Mike Westmacott, England

Digital photography suits a throw away society that looks for instant results. It has its merits but doesn't compete with the quality and expression available from traditional photography.
Bryan Martin, England

I don't understand why onsite editing is such a bad thing. For the most part the images that will be rejected will be the ones that ended up on the the cutting room floor of traditional photography anyway. Besides storage issues will be a transient problem as memory production techniques improve the deletion of images "to make space" will become an irrelevance.
John Harding, Wales,UK


No scratches of file stock degradation will take place and with storage medium so cheap there is no excuse to lose images

Keith Marriott, UK
Far from losing historical photographs, digital photography gives the photographer the chance to preserve their work in pristine condition for ever. No scratches of file stock degradation will take place and with storage medium so cheap there is no excuse to lose images. Indeed with the arrival of writable DVD many thousands of pictures can be archived on one disc.
Keith Marriott, UK

While a valid point, it is only so today. Just because a photographer only stores 20 photos on a digital camera today doesn't mean that tomorrow, the same photographer (equipped with a more modern camera) won't be able to store 100 photos. A camera with a mini-hard disk drive (such as the new generation of MP3 players) could store 1000 images. In a couple of years time, the digital photographer will not even fill the memory of the camera in a lifetime of photography. This would lead far more photos being taken than are taken today with film.
Frank Crawford, UK

I think one of the main cruxes of the argument, that of "on location editing" in order to save space is a bit misguided. Rolls of film hold around 36 exposures. Photographers may decide not to shoot pictures as they have limited space. Memory packs from digital cameras can store hundreds of pictures (up to 10 rolls of film). This gives much more freedom to shoot anything and everything on the off-chance that something interesting is captured. I don't think that digital photography will see the "death" of common history, indeed a digital image can outlast anything on film. Celluloid decays over time.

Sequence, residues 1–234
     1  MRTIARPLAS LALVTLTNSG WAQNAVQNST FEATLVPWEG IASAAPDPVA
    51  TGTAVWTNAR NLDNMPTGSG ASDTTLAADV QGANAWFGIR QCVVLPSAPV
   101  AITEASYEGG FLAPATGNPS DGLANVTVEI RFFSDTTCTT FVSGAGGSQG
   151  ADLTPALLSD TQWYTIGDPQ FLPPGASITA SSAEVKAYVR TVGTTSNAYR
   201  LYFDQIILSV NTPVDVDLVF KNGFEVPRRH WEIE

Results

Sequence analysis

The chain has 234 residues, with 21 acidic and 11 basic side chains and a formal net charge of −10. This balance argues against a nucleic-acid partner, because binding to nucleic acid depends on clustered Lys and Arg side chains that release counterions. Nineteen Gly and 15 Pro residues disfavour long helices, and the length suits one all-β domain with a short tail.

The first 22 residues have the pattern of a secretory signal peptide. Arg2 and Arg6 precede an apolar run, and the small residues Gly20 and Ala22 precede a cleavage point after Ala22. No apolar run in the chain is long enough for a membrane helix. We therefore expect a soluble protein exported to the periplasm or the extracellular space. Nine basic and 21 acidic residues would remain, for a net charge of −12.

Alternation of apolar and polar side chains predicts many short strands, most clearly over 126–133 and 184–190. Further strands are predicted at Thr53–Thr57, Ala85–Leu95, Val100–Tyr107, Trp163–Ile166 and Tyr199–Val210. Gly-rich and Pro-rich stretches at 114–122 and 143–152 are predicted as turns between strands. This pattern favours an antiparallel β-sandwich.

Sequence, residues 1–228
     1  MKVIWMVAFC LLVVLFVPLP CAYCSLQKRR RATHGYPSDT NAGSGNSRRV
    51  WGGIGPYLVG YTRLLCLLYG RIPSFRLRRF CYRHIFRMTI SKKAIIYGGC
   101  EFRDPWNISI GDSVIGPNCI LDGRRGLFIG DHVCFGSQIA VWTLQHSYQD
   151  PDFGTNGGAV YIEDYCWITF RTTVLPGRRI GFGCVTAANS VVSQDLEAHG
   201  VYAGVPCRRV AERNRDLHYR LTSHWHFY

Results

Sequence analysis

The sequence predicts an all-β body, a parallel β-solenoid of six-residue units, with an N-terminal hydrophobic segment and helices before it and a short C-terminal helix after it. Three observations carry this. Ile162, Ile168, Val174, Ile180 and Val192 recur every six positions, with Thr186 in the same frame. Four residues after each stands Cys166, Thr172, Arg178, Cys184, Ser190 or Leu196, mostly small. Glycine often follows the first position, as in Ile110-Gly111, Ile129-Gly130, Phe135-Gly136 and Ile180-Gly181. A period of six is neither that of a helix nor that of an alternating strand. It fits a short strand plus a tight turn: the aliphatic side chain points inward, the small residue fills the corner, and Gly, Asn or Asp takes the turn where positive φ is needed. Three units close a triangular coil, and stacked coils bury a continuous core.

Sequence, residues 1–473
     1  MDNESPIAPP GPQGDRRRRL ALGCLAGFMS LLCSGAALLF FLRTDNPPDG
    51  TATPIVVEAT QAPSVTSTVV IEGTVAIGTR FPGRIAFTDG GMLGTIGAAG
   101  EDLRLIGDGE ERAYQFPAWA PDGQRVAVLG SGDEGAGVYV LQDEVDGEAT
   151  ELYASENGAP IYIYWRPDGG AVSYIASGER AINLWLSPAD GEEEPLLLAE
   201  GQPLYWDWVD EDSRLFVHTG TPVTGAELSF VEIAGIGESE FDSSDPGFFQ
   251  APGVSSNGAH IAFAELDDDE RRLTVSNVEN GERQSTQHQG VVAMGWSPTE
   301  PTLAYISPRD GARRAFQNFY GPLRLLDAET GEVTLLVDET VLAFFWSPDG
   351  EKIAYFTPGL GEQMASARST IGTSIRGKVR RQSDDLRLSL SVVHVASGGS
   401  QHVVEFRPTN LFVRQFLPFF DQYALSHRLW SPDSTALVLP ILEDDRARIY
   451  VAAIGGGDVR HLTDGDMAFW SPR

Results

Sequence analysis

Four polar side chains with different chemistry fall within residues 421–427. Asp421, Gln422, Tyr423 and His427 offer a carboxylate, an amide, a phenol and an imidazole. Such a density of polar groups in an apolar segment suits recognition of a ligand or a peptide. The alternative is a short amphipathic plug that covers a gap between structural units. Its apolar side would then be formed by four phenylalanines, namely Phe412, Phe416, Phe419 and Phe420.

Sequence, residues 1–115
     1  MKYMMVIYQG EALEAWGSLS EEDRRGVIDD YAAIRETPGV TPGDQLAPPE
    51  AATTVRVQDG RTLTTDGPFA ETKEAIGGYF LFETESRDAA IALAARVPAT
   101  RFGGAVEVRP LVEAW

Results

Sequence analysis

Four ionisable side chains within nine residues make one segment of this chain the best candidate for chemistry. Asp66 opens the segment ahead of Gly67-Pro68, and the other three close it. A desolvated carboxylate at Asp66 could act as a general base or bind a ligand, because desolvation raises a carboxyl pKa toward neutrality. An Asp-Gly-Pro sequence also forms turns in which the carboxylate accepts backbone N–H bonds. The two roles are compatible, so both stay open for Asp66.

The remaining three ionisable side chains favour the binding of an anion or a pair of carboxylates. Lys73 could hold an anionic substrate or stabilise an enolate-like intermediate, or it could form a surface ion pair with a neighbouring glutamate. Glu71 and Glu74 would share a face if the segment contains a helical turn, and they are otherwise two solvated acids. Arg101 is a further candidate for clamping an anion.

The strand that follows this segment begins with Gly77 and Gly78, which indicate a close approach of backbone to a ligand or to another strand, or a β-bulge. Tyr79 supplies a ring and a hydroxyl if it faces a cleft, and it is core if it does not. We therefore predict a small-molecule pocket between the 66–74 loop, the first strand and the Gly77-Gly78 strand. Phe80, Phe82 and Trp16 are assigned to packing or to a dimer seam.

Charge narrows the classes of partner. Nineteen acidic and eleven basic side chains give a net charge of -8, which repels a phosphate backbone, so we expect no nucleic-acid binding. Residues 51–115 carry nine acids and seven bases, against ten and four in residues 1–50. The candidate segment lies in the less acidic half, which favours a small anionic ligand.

Jason, UK


Digital photography is a blunt tool. Simplistic in terms of its operation, the record it leaves behind and in its production of a flatter, less interesting end-image

Adrian, UK
A digital camera is handy if you just want a point and shoot machine for holiday snaps but there's not way I'm going to give up the flexibility of my traditional SLR, a few good lenses and my beloved high speed films. At the moment digital cameras just can't compete.
Ian Portman, UK

Digital photography is a blunt tool. Simplistic in terms of its operation, the record it leaves behind and in its production of a flatter, less interesting end-image. Not only does it do away with the record of an event's progression as captured on a contact sheet, but the photography itself is aesthetically less dramatic.
Adrian, UK


Whether the "sequence of images" is kept will be at the discretion of the photographer not a limitation imposed by the technology.

John, New Zealand
This article would appear to be a valid comment on the current state of professional digital photography. Over time however the storage capacity of digital cameras will increase. Today 1Gb mini hard disks are available and affordable and can store many high resolution images. This capacity will only increase with time. Whether the "sequence of images" is kept will be at the discretion of the photographer not a limitation imposed by the technology.
John, New Zealand

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Photographer Jayne West
The most pressing issue is that we are losing the past
See also: